|Tombigbee National Forest|
|Location||Mississippi, United States|
|Nearest city||Tupelo, MS|
|Area||67,005 acres (271.16 km2)|
|Established||November 27, 1959|
|Governing body||U.S. Forest Service|
|Website||National Forests in Mississippi|
Tombigbee National Forest is a U.S. National Forest in eastern and northeastern Mississippi. It is named for the nearby Tombigbee River. It is divided geographically into two non-contiguous sections. The larger southern section, about 60% of the total acreage, is located north of Louisville, in parts of Winston, Choctaw, and Oktibbeha counties in eastern Mississippi. The smaller northern section, about 40% of the total acreage, is located northeast of Houston, in parts of Chickasaw and Pontotoc counties in northeastern Mississippi. As a whole the forest lies, in descending order of land area, in Winston, Chickasaw, Choctaw, Pontotoc, and Oktibbeha counties. The forest has a total area of 67,005 acres (105 sq mi, or 271 km²). Headquarters of forest administration is in Jackson, as are those for all six National Forests in Mississippi, but local ranger district offices are located in Ackerman. The forest contains the Owl Creek Mounds, which include five platform mounds built between 1100 and 1200 CE.
Washington County is a county located in the southwestern part of the U.S. state of Alabama. As of the 2010 census, the population was 17,581. The county seat is Chatom. The county was named in honor of George Washington, the first President of the United States. It is a dry county, with the exception of Chatom.
Pontotoc County is in the south central part of Oklahoma. As of the 2010 census, the population was 37,492. Its county seat is Ada. The county was created at statehood from part of the Chickasaw Nation in Indian Territory. It was named for a historic Chickasaw tribal area in Mississippi. According to the Encyclopedia of Oklahoma History and Culture, Pontotoc is usually translated "cattail prairie" or "land of hanging grapes."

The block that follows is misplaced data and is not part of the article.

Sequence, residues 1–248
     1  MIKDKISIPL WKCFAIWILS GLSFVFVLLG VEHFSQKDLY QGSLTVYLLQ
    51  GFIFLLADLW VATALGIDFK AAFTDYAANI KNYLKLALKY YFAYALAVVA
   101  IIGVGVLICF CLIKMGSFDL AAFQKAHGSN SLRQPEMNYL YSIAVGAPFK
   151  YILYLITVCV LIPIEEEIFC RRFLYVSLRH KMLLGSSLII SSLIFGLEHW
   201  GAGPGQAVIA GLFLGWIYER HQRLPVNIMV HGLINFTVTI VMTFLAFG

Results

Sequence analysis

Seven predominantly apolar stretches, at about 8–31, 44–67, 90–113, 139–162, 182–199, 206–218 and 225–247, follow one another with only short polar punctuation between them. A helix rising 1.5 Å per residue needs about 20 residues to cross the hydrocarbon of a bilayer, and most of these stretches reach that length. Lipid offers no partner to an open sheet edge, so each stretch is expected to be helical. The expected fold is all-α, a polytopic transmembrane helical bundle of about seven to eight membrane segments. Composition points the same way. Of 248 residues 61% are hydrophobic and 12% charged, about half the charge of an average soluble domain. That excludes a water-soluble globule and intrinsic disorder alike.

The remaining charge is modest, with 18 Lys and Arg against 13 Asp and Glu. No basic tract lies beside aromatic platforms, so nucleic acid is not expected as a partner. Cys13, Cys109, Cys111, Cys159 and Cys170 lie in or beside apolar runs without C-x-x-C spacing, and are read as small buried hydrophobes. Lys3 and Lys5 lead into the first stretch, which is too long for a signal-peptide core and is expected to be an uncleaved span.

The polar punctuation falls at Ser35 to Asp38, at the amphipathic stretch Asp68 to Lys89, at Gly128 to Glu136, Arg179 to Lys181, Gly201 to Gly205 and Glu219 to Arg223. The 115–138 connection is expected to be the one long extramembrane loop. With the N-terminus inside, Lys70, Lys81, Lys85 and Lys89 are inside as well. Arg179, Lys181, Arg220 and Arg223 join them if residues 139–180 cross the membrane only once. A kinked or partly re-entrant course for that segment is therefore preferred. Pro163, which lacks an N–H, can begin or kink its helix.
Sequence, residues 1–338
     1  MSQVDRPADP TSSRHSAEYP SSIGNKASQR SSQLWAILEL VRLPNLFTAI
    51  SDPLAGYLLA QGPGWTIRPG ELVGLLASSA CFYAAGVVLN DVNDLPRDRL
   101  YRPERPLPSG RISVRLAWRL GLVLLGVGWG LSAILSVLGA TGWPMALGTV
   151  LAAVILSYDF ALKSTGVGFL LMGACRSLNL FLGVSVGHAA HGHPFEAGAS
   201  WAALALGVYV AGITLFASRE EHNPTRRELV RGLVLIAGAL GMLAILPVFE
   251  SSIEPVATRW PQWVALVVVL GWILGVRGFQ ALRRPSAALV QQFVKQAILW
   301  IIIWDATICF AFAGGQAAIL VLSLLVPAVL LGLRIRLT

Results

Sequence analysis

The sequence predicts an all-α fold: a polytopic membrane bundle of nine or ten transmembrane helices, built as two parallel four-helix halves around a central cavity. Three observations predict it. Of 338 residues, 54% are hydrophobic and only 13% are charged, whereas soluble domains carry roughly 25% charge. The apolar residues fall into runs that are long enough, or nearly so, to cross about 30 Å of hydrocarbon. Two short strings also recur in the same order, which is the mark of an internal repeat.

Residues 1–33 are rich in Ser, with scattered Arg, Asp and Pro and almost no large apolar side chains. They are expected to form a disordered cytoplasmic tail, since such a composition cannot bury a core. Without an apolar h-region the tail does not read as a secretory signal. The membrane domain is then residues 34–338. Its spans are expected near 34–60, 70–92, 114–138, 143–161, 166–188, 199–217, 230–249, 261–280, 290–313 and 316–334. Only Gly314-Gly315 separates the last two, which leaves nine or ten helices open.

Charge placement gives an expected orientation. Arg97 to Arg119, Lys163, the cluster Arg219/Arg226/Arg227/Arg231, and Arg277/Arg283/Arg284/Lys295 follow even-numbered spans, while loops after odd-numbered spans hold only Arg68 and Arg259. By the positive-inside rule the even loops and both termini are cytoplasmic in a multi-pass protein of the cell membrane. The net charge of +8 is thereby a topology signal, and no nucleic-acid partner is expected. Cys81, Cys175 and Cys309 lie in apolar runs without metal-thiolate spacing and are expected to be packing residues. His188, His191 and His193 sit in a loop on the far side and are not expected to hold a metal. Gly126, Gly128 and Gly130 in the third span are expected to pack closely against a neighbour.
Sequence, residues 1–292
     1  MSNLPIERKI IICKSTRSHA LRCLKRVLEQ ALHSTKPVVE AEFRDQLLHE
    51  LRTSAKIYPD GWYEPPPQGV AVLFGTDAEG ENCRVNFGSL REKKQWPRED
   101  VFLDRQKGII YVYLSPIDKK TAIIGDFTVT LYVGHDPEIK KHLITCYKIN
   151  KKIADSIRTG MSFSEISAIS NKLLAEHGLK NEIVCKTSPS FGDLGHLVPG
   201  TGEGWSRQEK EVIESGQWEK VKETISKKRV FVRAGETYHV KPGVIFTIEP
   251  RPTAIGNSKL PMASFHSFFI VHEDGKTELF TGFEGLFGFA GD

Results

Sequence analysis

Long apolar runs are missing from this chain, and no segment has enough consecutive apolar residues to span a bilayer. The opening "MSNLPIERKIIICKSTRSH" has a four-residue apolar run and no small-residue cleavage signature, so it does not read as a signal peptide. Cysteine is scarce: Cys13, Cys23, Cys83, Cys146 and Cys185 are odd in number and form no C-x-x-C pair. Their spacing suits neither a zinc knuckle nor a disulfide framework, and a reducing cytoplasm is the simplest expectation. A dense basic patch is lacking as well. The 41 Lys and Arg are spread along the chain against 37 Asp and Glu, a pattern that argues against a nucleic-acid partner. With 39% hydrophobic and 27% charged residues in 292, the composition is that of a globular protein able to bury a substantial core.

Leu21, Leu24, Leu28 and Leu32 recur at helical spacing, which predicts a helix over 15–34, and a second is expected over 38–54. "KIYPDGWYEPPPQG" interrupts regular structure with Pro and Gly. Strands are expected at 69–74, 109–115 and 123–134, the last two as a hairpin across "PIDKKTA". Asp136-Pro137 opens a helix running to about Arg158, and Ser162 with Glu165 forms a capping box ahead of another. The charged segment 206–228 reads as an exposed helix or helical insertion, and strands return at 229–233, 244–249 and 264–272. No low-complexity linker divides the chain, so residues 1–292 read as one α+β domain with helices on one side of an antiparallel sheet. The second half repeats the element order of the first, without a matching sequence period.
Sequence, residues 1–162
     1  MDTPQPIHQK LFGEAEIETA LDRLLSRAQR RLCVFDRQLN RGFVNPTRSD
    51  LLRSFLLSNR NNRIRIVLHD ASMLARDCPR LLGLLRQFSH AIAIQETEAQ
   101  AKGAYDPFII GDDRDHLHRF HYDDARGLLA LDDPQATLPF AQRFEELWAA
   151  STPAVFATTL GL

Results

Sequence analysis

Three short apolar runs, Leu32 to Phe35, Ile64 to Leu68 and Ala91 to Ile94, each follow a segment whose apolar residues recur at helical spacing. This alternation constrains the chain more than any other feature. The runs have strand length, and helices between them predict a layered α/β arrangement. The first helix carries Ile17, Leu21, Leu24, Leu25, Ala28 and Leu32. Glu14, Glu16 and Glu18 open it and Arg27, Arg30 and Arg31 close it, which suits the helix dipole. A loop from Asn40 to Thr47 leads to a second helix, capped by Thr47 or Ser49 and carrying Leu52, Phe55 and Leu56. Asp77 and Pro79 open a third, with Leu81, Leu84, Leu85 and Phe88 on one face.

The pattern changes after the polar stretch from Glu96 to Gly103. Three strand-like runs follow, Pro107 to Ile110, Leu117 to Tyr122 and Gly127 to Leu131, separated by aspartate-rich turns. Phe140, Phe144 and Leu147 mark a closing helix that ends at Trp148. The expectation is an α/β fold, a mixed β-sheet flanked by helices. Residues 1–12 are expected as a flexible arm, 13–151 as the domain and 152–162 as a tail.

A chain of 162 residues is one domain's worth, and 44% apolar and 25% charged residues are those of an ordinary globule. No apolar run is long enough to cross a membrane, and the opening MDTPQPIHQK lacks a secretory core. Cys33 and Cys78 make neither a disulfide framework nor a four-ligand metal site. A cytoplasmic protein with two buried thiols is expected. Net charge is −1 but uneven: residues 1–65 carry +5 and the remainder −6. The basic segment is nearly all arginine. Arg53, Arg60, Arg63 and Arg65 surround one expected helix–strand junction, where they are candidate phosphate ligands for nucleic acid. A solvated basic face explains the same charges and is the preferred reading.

The Chickasaw are an indigenous people of the Southeastern Woodlands. Their traditional territory was in the Southeastern United States of Mississippi, Alabama, and Tennessee. Their language is classified as a member of the Muskogean language family. In the present day, they are organized as the federally recognized Chickasaw Nation.
Winston County is a county located in the U.S. state of Mississippi. In the 2010 census, the population was 19,198. Its county seat is Louisville. The county is named for Louis Winston (1784–1824), a colonel in the militia, a prominent lawyer, and a judge of the Mississippi Supreme Court.
Webster County is a county located in center of the U.S. state of Mississippi, bordered on the south by the Big Black River. As of the 2010 census, the population was 10,253.
Pontotoc County is a county located in the U.S. state of Mississippi. As of the 2010 census, the population was 29,957. Its county seat is Pontotoc. It was created on February 9, 1836 from lands ceded to the United States under the Chickasaw Cession. Pontotoc is a Chickasaw word meaning "land of hanging grapes". The original Natchez Trace and the current-day Natchez Trace Parkway both pass through the southeast corner of Pontotoc County.